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Proceedings of the State Convention of Colored Men of Texas, Held at the City of Austin, July 10-12, 1883.
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LANDS AND HOMESTEADS.
To the Chairman and Members o f the Colored Men's State Convention:
Gentlemen—We, your Committee on Lands and Homesteads, beg leave to report as follows : After having given the matter careful consideration, we are of opinion that the material interests of the colored population of this State would be greatly advanced if they owned more real estate. Land is rapidly advancing in value, and those who fail to purchase now, when they can do so on such reasonable terms from both State and private parties, will make a great mistake. Such being the case, and in view of the fact that a great number of foreign immigrants are pouring into the State and possessing themselves of her best lands, we would recommend that every member of this Convention urge upon our people the necessity of acquiring lands in tracts suitable for colonization and farming.
We further recommend that this Convention give its most hearty approval to the works and aims of the Texas Homestead and Colonization Association. which is one of the outgrowths of our Waco Convention. This Association is gotten up for the purpose of aiding its members and others in securing homes at a reasonable cost.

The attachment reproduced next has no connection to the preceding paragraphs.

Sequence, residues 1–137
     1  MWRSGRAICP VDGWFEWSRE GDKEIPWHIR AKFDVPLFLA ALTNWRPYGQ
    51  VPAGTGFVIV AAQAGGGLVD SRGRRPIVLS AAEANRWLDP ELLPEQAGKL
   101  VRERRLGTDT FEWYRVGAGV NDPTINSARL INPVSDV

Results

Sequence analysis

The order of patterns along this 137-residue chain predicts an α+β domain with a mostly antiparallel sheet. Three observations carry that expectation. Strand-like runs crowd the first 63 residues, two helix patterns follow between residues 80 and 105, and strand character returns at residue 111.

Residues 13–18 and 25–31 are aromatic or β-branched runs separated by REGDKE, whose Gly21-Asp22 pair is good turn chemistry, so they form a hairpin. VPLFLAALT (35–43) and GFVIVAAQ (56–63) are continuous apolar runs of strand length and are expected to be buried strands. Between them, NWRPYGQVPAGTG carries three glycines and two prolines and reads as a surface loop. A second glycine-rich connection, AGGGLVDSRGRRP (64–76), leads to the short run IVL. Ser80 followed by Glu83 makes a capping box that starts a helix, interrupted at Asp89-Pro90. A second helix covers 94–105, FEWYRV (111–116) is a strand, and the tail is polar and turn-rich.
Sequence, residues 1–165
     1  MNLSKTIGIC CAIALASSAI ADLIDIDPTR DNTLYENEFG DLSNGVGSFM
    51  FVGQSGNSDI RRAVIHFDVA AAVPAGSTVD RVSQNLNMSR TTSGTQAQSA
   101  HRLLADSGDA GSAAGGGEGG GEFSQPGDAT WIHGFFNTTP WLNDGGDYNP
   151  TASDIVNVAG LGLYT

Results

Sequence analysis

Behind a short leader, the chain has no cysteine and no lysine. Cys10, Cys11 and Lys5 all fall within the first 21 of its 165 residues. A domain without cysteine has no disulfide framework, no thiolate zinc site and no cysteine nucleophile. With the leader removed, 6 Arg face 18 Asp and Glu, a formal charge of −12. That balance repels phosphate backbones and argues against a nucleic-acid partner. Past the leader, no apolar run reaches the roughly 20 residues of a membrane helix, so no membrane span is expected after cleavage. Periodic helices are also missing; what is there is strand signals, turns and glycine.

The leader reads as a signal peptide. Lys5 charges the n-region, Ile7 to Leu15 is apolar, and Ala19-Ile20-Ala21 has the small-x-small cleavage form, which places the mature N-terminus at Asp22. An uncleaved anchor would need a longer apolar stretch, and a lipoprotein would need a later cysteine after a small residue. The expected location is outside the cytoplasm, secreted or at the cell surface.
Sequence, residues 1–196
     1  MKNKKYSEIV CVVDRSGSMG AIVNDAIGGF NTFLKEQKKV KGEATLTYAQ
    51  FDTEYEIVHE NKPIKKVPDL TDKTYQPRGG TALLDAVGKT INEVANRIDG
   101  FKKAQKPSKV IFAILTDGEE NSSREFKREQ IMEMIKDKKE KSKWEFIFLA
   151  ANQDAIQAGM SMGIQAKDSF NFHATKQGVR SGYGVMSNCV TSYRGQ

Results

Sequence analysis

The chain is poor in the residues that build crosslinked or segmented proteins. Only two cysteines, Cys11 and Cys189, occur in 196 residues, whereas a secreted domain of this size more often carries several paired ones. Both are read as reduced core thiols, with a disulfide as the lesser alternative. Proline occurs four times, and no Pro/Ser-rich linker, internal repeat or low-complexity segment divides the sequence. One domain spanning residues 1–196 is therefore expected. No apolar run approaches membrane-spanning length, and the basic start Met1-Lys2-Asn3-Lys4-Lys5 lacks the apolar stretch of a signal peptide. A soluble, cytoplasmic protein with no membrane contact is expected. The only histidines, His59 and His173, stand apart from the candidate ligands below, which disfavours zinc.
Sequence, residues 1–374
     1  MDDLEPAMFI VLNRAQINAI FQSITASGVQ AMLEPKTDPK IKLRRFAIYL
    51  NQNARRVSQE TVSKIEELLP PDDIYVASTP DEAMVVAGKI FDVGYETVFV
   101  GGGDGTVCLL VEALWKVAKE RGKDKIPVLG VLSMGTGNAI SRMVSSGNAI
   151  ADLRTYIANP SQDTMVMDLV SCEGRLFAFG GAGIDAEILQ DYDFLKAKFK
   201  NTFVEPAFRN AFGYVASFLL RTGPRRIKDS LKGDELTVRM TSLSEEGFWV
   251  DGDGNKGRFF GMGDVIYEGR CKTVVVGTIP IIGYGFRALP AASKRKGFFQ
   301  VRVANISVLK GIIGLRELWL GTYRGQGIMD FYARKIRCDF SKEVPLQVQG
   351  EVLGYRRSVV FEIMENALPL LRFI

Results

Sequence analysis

All of which is respectfully submitted.
J. H. ARMSTRONG, Chairman.
J. S. TIBBETT,
P. F. DENNIS.
Since we are all aware that intoxicating liquors are a great abomination to our race; that they ruin the souls of men, and present them to God in that dark and polluted state, to ever depart from his presence ; that they deprive men of the blessings of this life and of that to come, that they affect the brain of the youth, thus checking the activity of his thinking faculties—
Resolved, That the members of this Convention lend their combined effort to the work of putting down this master evil, that our race may be developed into one of intellectual strength and power.
Resolved, That this Convention do all in its power to aid and encourage the Independent Order of Good Templars, of which, we learn from Rev. L. M. Sublett, there are seventeen different Orders laboring to unite this State with others struggling against the powers of intemperance.
Resolved, That we notice with pleasure the good work done by the ladies of Massachusetts and other States in putting forth their combined strength master this great evil; also, in caring for the destitute orphans and wid-
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